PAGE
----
ISSUE 17. Should Health Care for the Elderly Be Limited?
YES: Daniel Callahan, from “Limiting Health Care for the Old?” The Nation (August 15, 1987)
NO: Amitai Etzioni, from “Spare the Old, Save the Young,” The Nation (June 11, 1988)
Philosopher Daniel Callahan maintains that since health care resources are scarce, people who have lived a full natural life span should be offered care that relieves suffering but not expensive life-prolonging technologies. Sociologist Amitai Etzioni argues that rationing health care for the elderly would encourage conflict between generations and would invite restrictions on health care for other groups.
ISSUE 18. Should Patient-Centered Medical Ethics Govern Managed Care?
YES: Norman G. Levinsky, from “Truth or Consequences,” The New England Journal of Medicine (March 26, 1998)
NO: Brendan Minogue, from “The Two Fundamental Duties of the Physician,” Academic Medicine (May 2000)
Physician Norman G. Levinsky argues that withholding beneficial care from patients for the financial benefit of any party other than the patient is a violation of medical ethics. Philosopher Brendan Minogue asserts that physicians must balance the interests and wishes of the patient with the welfare of the health care system in which they practice and must stop viewing the case manager as the unavoidable but unwanted child within the family of medicine.
ISSUE 19. Should There Be Payment for Body Parts?
YES: Michael B. Gill and Robert M. Sade, from “Paying for Kidneys: The Case Against Prohibition,” Kennedy Institute of Ethics Journal (March 2002)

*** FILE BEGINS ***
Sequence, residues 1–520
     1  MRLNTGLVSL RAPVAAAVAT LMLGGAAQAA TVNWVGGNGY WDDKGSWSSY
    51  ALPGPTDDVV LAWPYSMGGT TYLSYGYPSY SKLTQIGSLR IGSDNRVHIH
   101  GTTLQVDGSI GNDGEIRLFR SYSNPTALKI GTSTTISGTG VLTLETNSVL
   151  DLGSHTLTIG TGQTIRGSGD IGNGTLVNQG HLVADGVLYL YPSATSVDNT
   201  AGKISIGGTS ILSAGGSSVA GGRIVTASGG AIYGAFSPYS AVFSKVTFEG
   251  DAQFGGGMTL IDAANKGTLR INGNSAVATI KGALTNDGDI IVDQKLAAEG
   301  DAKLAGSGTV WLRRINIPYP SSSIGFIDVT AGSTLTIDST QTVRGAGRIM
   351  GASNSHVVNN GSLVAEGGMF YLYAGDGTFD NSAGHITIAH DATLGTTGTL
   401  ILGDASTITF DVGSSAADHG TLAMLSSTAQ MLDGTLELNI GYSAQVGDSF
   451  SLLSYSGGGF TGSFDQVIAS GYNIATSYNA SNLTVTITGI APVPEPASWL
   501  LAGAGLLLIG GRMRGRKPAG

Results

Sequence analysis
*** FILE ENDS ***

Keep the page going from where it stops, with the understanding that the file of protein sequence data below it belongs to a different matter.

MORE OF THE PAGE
NO: David J. Rothman, from “The International Organ Traffic,” The New York Review of Books (March 26, 1998)
Philosopher Michael B. Gill and surgeon Robert M. Sade contend that the current ban on paying for kidneys ought to be overturned because there is no significant moral difference between the allowable policy of paying for blood and tissues and paying for kidneys and because the arguments that payment is intrinsically wrong or exploitive are flawed. Historian David J. Rothman asserts that trafficking in organs for transplantation is motivated by greed and subverts the ethical principles of the medical profession.
ISSUE 20. Should Doctors-in-Training Be Unionized?
YES: Andrew C. Yacht, from “Collective Bargaining Is the Right Step,” The New England Journal of Medicine (February 10, 2000)
NO: Jordan J. Cohen, from “White Coats Should Not Have Union Labels,” The New England Journal of Medicine (February 10, 2000)
Physician Andrew C. Yacht argues that doctors-in-training, like other workers, should have the right to organize and to bargain collectively for better working conditions in hospitals so that they can provide enhanced care for their patients. Physician and medical educator Jordan J. Cohen asserts that doctors-in-training are primarily students, not employees, and that union activities would negatively affect the educational experience.
ISSUE 21. Should Public Health Be Given Sweeping Powers Over Individual Liberty in a Bioterrorist Threat?
YES: Lawrence O. Gostin, from “Law and Ethics in a Public Health Emergency,” Hastings Center Report (March–April 2002)
NO: George J. Annas, from “Bioterrorism, Public Health, and Human Rights,” Health Affairs (November/December 2002)
Law and public health professor Lawrence O. Gostin states that the threat of bioterrorism makes it imperative to reframe the balance between individual interests and society’s need to protect itself so that the common good prevails. Law professor George J. Annas contends that taking human rights seriously is our best defense against terrorism and fosters public health on both a federal and global scale.